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For Immediate Release, March 20, 2013

Contact:   Jonathan Evans, Center for Biological Diversity, (415) 436-9682 x 318
Craig Tucker, Karuk Tribe, (916) 207-8294
Glen Spain, PCFFA, (541) 689-2000

Tribes, Conservationists and Fishermen Ask State to Close Loophole in
California's Suction Dredge Mining Ban

SACRAMENTO, Calif.— A coalition including environmental organizations, fishermen and the Karuk tribe submitted a formal petition to the California Department of Fish and Wildlife today asking the agency to close a loophole it created allowing recreational miners to return to a technique called suction dredging by making equipment modifications that sidestep state law and worsen impacts to the environment. Because state wildlife officials narrowed state rules to define a suction dredge as a hose, motor and sluice box, miners are simply removing the sluice box — an alteration that leaves dredge spoils containing highly toxic mercury piling up along waterways.

Bicknell's thrush
Coho salmon photo courtesy Flickr Creative Commons/Dan Bennett. Photos are available for media use.

“Suction dredge mining continues to pollute our waterways with toxic mercury and destroy sensitive wildlife habitat,” said Jonathan Evans with the Center for Biological Diversity. “Backroom approvals of uncontrolled suction dredge mining violate the public trust right along with the law.”

Suction dredge mining uses machines to vacuum up gravel and sand from streams and river bottoms in search of gold. California law currently prohibits “any vacuum or suction dredge equipment” to be used in California waterways. But suction dredge miners and state wildlife officials colluded, with no public scrutiny, to allow suction dredge mining as long as the sluice box is removed from the motorized suction dredge equipment. The sluice box is one of several methods to separate gold from dredge spoils.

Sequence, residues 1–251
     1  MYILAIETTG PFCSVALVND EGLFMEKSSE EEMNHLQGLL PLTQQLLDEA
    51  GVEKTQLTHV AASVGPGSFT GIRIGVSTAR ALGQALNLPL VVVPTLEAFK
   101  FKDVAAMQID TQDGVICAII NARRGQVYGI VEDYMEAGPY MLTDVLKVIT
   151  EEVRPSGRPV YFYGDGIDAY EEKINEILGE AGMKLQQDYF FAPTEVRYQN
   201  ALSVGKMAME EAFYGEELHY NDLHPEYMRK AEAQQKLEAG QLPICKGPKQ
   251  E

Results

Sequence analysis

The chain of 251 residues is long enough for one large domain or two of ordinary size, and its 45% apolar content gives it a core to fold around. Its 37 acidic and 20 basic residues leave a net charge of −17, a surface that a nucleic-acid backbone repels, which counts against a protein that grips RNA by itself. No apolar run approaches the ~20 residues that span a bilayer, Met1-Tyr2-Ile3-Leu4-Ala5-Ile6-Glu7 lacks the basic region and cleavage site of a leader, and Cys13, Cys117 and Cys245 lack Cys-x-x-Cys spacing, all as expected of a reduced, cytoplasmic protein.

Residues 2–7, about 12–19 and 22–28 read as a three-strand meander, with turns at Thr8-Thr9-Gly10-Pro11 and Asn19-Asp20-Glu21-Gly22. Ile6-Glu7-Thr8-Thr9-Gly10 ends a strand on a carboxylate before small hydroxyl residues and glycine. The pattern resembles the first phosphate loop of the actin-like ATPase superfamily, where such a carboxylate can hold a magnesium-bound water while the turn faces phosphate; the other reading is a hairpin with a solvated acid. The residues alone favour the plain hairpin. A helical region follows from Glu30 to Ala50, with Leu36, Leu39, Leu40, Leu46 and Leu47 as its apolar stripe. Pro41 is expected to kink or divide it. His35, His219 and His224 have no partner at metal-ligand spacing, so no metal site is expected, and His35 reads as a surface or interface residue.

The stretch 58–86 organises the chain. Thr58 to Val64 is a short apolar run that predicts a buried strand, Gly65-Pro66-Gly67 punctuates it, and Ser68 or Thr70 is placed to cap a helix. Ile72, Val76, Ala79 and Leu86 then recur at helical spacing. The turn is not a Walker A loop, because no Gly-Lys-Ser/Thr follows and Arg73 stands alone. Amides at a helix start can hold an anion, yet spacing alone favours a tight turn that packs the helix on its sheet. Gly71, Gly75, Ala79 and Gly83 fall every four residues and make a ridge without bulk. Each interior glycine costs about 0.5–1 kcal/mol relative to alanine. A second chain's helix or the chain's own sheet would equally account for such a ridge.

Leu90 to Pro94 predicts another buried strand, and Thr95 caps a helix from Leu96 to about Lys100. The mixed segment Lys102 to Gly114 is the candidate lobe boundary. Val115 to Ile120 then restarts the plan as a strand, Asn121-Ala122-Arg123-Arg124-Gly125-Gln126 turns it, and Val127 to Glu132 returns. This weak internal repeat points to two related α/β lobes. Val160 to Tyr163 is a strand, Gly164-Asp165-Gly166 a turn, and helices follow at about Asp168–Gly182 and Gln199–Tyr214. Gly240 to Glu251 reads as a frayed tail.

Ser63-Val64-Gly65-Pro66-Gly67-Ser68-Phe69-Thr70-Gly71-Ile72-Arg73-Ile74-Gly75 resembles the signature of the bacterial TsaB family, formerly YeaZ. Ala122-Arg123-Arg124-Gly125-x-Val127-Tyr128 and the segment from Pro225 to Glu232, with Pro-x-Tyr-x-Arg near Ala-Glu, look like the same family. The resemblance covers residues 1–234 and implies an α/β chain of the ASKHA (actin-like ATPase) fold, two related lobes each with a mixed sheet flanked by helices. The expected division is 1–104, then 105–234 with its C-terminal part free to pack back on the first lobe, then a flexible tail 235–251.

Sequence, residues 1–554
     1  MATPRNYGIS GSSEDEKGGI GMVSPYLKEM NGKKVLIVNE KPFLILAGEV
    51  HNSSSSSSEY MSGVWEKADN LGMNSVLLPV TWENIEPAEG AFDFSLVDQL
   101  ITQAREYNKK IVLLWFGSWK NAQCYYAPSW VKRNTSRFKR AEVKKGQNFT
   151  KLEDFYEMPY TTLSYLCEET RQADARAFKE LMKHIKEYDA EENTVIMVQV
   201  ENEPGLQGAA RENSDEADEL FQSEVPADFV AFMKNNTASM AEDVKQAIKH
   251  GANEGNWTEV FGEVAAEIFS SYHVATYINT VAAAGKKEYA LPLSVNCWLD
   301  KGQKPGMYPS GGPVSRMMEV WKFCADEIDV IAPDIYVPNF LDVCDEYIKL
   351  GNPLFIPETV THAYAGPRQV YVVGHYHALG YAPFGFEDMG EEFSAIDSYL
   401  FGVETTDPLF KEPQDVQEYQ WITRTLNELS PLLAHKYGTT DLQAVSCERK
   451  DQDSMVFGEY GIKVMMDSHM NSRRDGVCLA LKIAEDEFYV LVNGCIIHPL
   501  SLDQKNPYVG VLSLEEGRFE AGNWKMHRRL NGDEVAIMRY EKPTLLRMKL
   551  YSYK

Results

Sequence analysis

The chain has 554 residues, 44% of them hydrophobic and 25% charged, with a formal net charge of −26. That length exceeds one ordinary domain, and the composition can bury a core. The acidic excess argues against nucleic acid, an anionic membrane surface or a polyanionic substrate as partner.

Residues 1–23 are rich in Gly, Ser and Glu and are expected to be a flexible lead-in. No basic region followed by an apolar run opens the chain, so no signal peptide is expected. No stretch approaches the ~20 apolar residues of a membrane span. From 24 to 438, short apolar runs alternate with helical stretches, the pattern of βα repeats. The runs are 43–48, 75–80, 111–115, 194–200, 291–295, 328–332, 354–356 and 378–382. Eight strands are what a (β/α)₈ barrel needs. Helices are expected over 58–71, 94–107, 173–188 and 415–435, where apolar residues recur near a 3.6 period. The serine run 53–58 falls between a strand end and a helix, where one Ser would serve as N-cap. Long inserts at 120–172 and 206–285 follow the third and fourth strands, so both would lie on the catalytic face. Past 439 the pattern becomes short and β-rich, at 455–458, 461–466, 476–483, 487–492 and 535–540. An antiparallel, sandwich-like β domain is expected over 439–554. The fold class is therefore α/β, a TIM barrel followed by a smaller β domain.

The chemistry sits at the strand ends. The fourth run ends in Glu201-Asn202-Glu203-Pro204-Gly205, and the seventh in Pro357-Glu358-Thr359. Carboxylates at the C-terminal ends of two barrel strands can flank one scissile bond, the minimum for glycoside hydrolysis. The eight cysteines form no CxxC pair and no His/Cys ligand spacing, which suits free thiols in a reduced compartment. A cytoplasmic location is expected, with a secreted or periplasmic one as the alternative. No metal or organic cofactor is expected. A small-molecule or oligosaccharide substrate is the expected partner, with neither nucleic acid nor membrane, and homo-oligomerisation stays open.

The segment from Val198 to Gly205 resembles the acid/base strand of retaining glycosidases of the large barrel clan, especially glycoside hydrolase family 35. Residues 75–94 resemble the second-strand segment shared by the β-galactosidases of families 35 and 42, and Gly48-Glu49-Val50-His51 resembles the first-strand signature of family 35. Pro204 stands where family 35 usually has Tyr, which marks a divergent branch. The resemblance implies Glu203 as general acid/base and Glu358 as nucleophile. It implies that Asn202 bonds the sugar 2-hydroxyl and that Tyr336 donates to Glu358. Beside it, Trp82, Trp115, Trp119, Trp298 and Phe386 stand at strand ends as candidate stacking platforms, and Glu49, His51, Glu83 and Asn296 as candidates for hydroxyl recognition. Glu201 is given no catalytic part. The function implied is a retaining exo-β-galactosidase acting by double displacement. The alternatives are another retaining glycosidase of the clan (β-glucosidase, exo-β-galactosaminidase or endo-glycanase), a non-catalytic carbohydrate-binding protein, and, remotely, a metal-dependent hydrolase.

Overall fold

“The mining community is attempting to evade the will of the courts and the California legislature, both of which placed a moratorium on dredge mining until regulations that protect the environment can be developed,” said Leaf Hillman, director of Karuk Department of Natural Resources. “What the miners are doing now is illegal and the California Department of Fish and Wildlife is a willing accomplice to the crime.”

The informal approval allows unfettered suction dredge mining throughout California in areas that include sensitive habitat for important and imperiled wildlife, including salmon and steelhead trout, California red-legged frogs and sensitive migratory songbirds. It also includes no protection for sensitive cultural resources or state water supplies.

The Environmental Protection Agency and State Water Resources Control Board urged a complete ban on suction dredge mining because of the significant impacts to water quality and wildlife from mercury pollution. The California Native American Heritage Commission has condemned suction dredge mining’s impacts on priceless tribal and archeological resources.  

“This is not the lawless ‘wild west,’ ” said Glen Spain of Pacific Coast Federation of Fishermen’s Associations. “There is no miners’ ‘right’ to pollute the public's waters, no ‘right’ to destroy salmon habitat and salmon fishing industry jobs, no ‘right’ for gold miners to suction up stream beds with no limits. The idea that they can dodge all state water and fisheries protection regulations with semantic tricks like this is ridiculous.”